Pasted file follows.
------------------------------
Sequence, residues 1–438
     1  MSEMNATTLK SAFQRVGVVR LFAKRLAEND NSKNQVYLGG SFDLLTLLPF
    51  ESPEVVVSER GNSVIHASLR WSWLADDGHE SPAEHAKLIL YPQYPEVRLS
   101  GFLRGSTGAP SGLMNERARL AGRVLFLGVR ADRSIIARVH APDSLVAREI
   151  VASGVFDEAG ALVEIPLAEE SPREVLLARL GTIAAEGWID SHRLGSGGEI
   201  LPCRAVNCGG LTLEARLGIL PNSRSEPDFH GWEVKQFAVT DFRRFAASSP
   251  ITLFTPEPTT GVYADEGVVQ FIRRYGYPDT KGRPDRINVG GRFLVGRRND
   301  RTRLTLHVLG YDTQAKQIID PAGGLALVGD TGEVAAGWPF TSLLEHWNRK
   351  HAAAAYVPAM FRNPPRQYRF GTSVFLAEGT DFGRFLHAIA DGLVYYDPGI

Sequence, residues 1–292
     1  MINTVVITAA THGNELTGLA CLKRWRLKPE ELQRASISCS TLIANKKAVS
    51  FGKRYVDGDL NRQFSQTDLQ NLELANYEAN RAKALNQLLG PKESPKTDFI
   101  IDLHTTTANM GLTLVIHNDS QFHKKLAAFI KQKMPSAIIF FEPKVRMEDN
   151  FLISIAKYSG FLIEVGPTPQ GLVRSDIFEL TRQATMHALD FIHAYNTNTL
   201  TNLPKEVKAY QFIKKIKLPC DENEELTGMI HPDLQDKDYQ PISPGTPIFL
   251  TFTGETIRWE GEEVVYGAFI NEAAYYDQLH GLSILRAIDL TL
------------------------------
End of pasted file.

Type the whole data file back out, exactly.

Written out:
Sequence, residues 1–438
     1  MSEMNATTLK SAFQRVGVVR LFAKRLAEND NSKNQVYLGG SFDLLTLLPF
    51  ESPEVVVSER GNSVIHASLR WSWLADDGHE SPAEHAKLIL YPQYPEVRLS
   101  GFLRGSTGAP SGLMNERARL AGRVLFLGVR ADRSIIARVH APDSLVAREI
   151  VASGVFDEAG ALVEIPLAEE SPREVLLARL GTIAAEGWID SHRLGSGGEI
   201  LPCRAVNCGG LTLEARLGIL PNSRSEPDFH GWEVKQFAVT DFRRFAASSP
   251  ITLFTPEPTT GVYADEGVVQ FIRRYGYPDT KGRPDRINVG GRFLVGRRND
   301  RTRLTLHVLG YDTQAKQIID PAGGLALVGD TGEVAAGWPF TSLLEHWNRK
   351  HAAAAYVPAM FRNPPRQYRF GTSVFLAEGT DFGRFLHAIA DGLVYYDPGI

Sequence, residues 1–292
     1  MINTVVITAA THGNELTGLA CLKRWRLKPE ELQRASISCS TLIANKKAVS
    51  FGKRYVDGDL NRQFSQTDLQ NLELANYEAN RAKALNQLLG PKESPKTDFI
   101  IDLHTTTANM GLTLVIHNDS QFHKKLAAFI KQKMPSAIIF FEPKVRMEDN
   151  FLISIAKYSG FLIEVGPTPQ GLVRSDIFEL TRQATMHALD FIHAYNTNTL
   201  TNLPKEVKAY QFIKKIKLPC DENEELTGMI HPDLQDKDYQ PISPGTPIFL
   251  TFTGETIRWE GEEVVYGAFI NEAAYYDQLH GLSILRAIDL TL